Author: Nathan Willis
On its surface, Thoggen is a DVD backup and extraction tool (i.e., “ripper”). You use it to make a copy of the video titles on your DVD, either because you worry about damaging frequently played discs, because watching compressed video from the hard disk is faster and less power-hungry than watching it from a DVD drive, or perhaps because you simply need portability. The thought of carrying every episode of “Arrested Development” wherever you go is certainly appealing, but even slimline DVD boxed sets get cumbersome on a daily commute.
Some DVD extractors are limited to pulling content off of a disc as-is, leaving you with a set of gargantuan .VOB files. Others that take the next step, encoding the video in a space-saving compressed format. Most of these utilize a variant of the MPEG-4 Part 2 codec: XviD, DivX, 3ivx, et cetera.
The trouble is that MPEG-4 is patented, and in order to use it legally you need a license, even if you’ve jumped every other legal hurdle Hollywood throws at the public these days — I mean content like public domain, unencrypted DVDs. Certainly there are people out there with nefarious ends in mind, for whom such issues make zero difference, but what about the rest of us? Well, thanks to Thoggen, we have a tool to extract and repackage DVD video in a royalty-free, patent-free format.
Ogg fans will remember Theora as the free (BSD-licensed) derivative of the On2‘s VP3 codec, donated by On2 to the Xiph.org foundation in 2002. Theora is actually a superset of the old VP3, rewritten to take better advantage of the Ogg container format and as a result be more flexible. Xiph.org, home to development of the Vorbis audio codec, releases “reference implementations” of Theora as the libtheora library. It currently stands at 1.0 alpha5.
Many free software players support the codec, including mainstays VLC, MPlayer and Xine. Support in commercially available players is less common, although the RealNetworks-sponsored Helix Player does support Theora, and a package of DirectShow filters is available for Windows.
Let there be oggs
To use Thoggen, grab a package from the project’s site. The current release is 0.4, and it’s available as source code, but the download page has links to binaries for some older releases, so it is worth checking to see if new binaries appear there as well. I had no trouble compiling the source. The program relies on GStreamer and libdvdread3; be sure to check the dependencies.
Once installed, Thoggen is simple to use. Thoggen detects DVD drives on your computer and, if you have more than one, lets you select which one to extract. From the selected disc, it presents you with a checklist of the available title tracks.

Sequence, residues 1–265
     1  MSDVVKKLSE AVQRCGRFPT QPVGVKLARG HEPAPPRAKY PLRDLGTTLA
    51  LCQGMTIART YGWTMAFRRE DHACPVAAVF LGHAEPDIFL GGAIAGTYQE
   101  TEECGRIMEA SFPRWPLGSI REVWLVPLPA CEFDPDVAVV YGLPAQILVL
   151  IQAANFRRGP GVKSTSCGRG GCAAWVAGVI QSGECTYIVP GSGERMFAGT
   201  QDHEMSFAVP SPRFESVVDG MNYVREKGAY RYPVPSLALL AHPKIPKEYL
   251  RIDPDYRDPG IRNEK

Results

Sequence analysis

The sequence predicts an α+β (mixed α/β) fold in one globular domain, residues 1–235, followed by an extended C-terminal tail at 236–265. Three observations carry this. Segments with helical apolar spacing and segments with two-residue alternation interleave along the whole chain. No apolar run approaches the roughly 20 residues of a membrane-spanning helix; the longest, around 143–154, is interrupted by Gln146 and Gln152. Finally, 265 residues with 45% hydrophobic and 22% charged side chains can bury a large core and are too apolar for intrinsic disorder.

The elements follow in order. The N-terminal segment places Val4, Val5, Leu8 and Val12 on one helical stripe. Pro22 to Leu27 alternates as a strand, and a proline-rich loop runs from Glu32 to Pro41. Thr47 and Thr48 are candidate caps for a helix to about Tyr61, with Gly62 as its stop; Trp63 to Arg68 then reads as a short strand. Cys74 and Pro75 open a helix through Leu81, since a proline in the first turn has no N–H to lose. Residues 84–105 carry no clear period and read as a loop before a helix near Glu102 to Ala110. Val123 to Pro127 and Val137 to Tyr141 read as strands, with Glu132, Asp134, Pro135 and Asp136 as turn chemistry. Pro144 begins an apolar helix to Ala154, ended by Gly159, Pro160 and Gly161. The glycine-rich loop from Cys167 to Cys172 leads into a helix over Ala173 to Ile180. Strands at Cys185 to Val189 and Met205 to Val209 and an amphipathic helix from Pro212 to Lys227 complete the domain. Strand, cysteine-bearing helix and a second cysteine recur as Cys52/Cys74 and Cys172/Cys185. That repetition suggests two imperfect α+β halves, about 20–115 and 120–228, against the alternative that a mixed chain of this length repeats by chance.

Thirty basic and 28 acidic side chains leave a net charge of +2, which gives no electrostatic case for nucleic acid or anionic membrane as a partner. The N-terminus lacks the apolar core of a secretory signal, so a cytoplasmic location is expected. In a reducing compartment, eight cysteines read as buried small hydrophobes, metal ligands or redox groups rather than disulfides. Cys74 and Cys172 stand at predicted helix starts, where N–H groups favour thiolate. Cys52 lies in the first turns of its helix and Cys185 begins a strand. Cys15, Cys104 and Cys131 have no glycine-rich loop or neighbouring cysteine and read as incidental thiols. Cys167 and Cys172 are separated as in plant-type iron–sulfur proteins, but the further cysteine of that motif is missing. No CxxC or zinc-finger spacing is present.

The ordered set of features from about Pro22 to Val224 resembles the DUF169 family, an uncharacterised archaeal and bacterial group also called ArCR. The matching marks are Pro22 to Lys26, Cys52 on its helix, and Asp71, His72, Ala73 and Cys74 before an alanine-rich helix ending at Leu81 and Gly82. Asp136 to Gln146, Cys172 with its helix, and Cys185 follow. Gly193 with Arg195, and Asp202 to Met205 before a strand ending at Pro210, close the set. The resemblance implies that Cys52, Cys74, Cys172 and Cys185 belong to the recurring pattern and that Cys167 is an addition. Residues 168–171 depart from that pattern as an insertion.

Here there is a shortcoming, in that you must decide which titles to rip without benefit of their names. Most CD rippers handle the analogous situation by connecting to an online database like freedb.org, but there is no such site for DVD content.
After you choose which tracks to rip, Thoggen will bring up a simple options page where you can select language tracks (if available) and set your output video options. You have your choice between multiple picture sizes, the ability to crop the picture, and the option to set either a video quality parameter or to restrict the output size. Last but not least, you can choose to add a title tag and specify the name of the output file.
Once you are ready, click OK. Thoggen handles the rest of the configuration details, and brings up a preview window so you can keep an eye on the ripping progress.
Do one thing and do it well
Thoggen is not perfect, of course. Several times when testing it, the ripping process kept churning long after the encoding was finished — a known bug in this release. And that encoding process is CPU-intensive and very long. The Theora implementation used is far from optimized, and at full DVD resolution, encoding can slow down to the single-digit frames-per-second count, meaning several hours are required.
That said, I still recommend Thoggen. For one thing, I can’t heap enough praise on the interface. Simplicity is the watchword, and Thoggen gets it just right, presenting the user with the appropriate choices and working out the necessary details itself. Transcoding video is complicated, but Thoggen manages to make it simple. A lot of other apps could learn a lot from its design decisions.
I also like the fact that Thoggen uses Theora; this is good for users because Linux distributions can ship it, and good for the ongoing development of the codec as well. Detractors may say that free codecs like Vorbis and Theora are bound up in a “chicken and egg” dilemma: the older codecs are better performers because everyone uses them, and everyone uses them because they are better performers.
Maybe so. But Thoggen is the best and easiest to use DVD video extractor out there, and that alone is reason enough to use it; the fact that it uses a free, patent-unencumbered codec is immaterial to users. But by virtue of being an excellent application, it will accelerate both adoption and development of the codec. And then everybody wins.